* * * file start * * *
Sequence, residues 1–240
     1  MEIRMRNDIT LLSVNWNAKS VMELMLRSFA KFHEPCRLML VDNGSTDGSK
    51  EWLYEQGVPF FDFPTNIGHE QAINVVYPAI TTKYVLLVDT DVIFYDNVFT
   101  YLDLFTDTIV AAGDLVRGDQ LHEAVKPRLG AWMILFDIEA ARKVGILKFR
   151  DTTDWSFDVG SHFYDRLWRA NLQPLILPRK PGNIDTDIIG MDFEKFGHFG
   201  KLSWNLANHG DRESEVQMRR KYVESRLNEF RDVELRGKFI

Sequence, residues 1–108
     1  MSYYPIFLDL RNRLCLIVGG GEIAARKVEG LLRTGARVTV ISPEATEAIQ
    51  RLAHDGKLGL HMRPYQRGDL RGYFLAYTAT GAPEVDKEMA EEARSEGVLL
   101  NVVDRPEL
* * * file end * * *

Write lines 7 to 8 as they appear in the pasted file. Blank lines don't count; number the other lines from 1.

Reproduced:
Sequence, residues 1–108
     1  MSYYPIFLDL RNRLCLIVGG GEIAARKVEG LLRTGARVTV ISPEATEAIQ